There has been never an exciting time as a student to launch a startup. Entrepreneurship as a subject has started getting prominence in management studies and almost every college or university has its own set of incubators and accelerators. But unfortunately, for most student startups the buck stops at literally not get any bucks into their startup. Here’s a classic story of a student entrepreneurial venture. A eureka moment where a student thinks of a brilliant idea, shares with his friends, presents to his professors. Encouraged by his professors, they make an MVP of the product and receive appreciation and applause. Unfortunately, most of the time, the entrepreneurial aspirations are laid to rest at this stage. The students underestimate the efforts taken to raise capital or they commit the common mistakes of fundraising.

Here, we have put together our observations into 10 Commandments which can refine your fundraising pitch to empower you to raise the seed investment for your startup..


1. Thou shall answer these three questions

At the end of the day, an investor is only looking out for these three answers :

  1. How big is your market?
  2. How unique is your solution?
  3. Why are you the best person to create this solution?

 

2. Thou shall not seek investment before an MVP

No matter how grandiose your project is, creation of MVP is always possible. Maybe a frugal , concierge MVP would do the job, but seeking investments before your MVP makes you less susceptible to intelligent investors and you miss out on a valuable experience of creating an MVP by yourself with limited resources.

 

3. Thou shall avoid having a single investor :

Having a single investor is rare and may not be extremely beneficial. But having multiple investors can add a bigger social capital and diverse skillsets to help you achieve your startup goals. Plus, it’s always better to have more people rooting for your Startup success than a single individual

 

4.Thou shall always choose smart capital
Always ask yourself and the investor the question ‘ What other value can an investor add to my startup other than his money?’ It can be his/her social capital, his/her skillsets , his/her reputation and competencies which would tremendously benefit the startup. An investor’s value isn’t only about the money he puts on the table, but what doors can he unlock which money can not.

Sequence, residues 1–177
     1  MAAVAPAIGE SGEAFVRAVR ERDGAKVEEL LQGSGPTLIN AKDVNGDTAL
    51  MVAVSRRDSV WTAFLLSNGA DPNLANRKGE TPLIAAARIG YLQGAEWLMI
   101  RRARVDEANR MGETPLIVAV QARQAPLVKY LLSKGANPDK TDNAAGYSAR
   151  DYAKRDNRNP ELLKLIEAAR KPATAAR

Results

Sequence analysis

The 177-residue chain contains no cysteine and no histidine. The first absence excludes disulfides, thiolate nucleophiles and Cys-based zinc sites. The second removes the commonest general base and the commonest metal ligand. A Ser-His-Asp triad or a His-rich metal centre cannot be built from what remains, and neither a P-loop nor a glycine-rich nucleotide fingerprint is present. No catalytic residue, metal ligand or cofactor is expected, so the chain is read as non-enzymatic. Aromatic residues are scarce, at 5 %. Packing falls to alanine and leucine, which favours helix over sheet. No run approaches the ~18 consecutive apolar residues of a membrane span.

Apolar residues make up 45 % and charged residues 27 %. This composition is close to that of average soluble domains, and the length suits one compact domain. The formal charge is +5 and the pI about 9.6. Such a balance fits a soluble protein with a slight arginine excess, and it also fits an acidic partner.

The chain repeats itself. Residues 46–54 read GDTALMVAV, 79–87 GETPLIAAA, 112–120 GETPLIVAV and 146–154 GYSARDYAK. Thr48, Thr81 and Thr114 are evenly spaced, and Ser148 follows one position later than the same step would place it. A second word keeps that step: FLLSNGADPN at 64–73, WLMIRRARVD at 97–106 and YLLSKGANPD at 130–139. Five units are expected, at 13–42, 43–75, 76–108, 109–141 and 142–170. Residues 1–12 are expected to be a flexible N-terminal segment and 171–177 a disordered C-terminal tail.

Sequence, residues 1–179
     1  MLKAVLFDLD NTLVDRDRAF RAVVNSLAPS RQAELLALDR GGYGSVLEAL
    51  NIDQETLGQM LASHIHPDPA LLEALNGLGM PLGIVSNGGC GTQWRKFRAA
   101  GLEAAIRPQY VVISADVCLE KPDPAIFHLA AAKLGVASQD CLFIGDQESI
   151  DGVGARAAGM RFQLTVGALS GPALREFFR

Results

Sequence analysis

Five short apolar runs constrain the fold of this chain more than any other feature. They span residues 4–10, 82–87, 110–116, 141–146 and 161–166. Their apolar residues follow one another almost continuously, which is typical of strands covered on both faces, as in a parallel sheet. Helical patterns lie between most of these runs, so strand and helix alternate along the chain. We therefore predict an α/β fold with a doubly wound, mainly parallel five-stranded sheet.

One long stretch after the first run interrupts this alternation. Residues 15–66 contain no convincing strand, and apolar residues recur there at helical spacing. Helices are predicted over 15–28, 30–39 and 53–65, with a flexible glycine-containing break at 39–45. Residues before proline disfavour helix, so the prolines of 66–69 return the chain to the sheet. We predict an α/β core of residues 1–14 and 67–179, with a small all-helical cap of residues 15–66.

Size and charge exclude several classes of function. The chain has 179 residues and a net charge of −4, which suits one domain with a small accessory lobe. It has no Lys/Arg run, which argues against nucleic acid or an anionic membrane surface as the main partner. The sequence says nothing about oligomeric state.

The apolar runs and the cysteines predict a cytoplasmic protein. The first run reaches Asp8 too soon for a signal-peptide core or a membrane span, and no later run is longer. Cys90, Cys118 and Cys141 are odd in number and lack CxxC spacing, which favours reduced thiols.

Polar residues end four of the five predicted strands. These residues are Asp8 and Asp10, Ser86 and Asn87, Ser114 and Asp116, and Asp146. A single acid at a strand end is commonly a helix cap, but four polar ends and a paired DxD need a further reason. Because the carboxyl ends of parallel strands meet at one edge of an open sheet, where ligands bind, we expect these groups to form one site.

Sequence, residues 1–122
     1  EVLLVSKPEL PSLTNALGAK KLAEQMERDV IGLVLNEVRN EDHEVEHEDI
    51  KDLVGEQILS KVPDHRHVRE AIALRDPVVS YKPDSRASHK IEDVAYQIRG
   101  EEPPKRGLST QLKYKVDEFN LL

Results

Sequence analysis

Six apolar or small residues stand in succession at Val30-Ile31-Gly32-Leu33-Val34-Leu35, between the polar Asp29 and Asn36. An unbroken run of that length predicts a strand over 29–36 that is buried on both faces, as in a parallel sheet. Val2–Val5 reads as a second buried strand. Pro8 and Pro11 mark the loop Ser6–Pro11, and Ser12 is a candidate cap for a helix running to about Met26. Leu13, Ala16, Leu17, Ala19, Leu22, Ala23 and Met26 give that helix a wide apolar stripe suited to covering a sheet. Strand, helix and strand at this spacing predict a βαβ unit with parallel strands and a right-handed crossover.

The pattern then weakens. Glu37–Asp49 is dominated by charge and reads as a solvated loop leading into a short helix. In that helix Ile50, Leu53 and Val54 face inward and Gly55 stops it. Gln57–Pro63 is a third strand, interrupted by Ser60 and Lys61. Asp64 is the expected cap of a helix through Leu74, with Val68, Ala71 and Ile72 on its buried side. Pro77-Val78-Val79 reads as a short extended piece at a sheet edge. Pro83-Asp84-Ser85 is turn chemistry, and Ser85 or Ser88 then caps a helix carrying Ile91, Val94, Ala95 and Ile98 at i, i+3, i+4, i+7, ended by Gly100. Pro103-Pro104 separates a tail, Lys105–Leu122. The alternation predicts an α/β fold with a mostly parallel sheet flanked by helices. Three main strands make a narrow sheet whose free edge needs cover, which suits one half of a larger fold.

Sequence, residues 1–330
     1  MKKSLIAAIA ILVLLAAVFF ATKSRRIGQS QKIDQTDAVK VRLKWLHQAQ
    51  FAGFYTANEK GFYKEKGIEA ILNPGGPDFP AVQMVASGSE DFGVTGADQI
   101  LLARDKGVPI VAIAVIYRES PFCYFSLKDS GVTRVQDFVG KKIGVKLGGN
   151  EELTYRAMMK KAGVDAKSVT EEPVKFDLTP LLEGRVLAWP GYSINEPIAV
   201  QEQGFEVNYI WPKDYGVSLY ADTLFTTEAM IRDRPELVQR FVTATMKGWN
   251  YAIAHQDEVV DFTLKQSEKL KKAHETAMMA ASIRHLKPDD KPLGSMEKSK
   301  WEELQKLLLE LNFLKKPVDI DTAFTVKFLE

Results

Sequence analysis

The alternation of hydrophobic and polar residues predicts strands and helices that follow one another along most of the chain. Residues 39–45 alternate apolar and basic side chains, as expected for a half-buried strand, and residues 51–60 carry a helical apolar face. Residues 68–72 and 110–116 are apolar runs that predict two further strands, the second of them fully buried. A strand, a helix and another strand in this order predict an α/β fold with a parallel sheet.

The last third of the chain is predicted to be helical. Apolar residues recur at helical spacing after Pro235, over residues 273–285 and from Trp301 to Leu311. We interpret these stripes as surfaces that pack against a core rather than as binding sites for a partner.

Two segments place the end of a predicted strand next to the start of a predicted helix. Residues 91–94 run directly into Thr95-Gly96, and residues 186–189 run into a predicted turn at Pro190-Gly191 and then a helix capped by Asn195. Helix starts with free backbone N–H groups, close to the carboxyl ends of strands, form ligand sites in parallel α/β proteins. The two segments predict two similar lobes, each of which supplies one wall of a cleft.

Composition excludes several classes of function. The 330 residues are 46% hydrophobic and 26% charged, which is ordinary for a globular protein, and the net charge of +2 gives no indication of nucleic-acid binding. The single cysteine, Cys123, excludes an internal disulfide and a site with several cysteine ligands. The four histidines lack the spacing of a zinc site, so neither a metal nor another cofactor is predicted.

5. Thou shalt not fake!
Real people get real money! More often than not, entrepreneurs make ambiguous statements or rely on biased research. When the investors cross validate these statements and they turn out to be untrue, it affects the chances of the startup raising funds significantly! Plus, most of the times the investor circle is close knit, so it becomes challenging to shrug off a reputation of the startup which faked facts.

 

 

6. Thou shalt seek money to grow , not to survive :

Always raise money in order to transition towards a better product, expand to a new market or add more features towards your product. Never raise money to settle old debts of your startup , let your revenue be an instrument to pay off the earlier debts.

 

7. Thou shalt not mistake that funded startup is a successful startup.
Just because you raised investment does not mean you are a successful startup (Yet!) Moving forward, managing investor relations shall take up much of your time and you shall be answerable towards more people other than your team. The speed of decision making might get decreased.

8. Thou shalt keep your burn limited :

Burn rate is the speed at which you spending money per month. Ensure that you are sticking to the burn rate as predicted and projected. An acceptable difference is overshooting your burn rate by 10 % but, in your projections, ensure that you always keep contingencies.

 

9. Thou shalt raise investment on the merit of your team, not of your idea :
A lot of time , entrepreneurs get confused on whether ideas get invested or them as a team. There are a higher chances that the investor despite not finding the idea credible, they would invest in you as an individual and your entrepreneurial traits. An average idea with a maverick founder has a higher chance of success than a maverick idea but with an average founder.

10. Thou shalt avoid to accept the first term sheet you receive :
Signing a term sheet might be a special moment, but it is always wise to ‘shop around’ with the term sheet you have received to seek other investments which can give you smart(er) money and a better valuation . Buy time from your investors to see whether you can attract other interesting deals from the market. If not, you can always return to the first term sheet!

Fundraising is a daunting and timeconsuming task. Moreover, your social capital and pitching skills play a significant role in raising your capital. At ISME School of management and entrepreneurship, we ensure that our students gets the best exposure to successful entrepreneurs and investors so that raising funds does not become a hurdle, but rather an opportunity to learn! Competitions like pitch it up at ISME, give an opportunity for student entrepreneurs to present their ideas to investors and get a chance to win spot investment!

 

by Omkar Pandharkame

Leave a Reply

Your email address will not be published. Required fields are marked *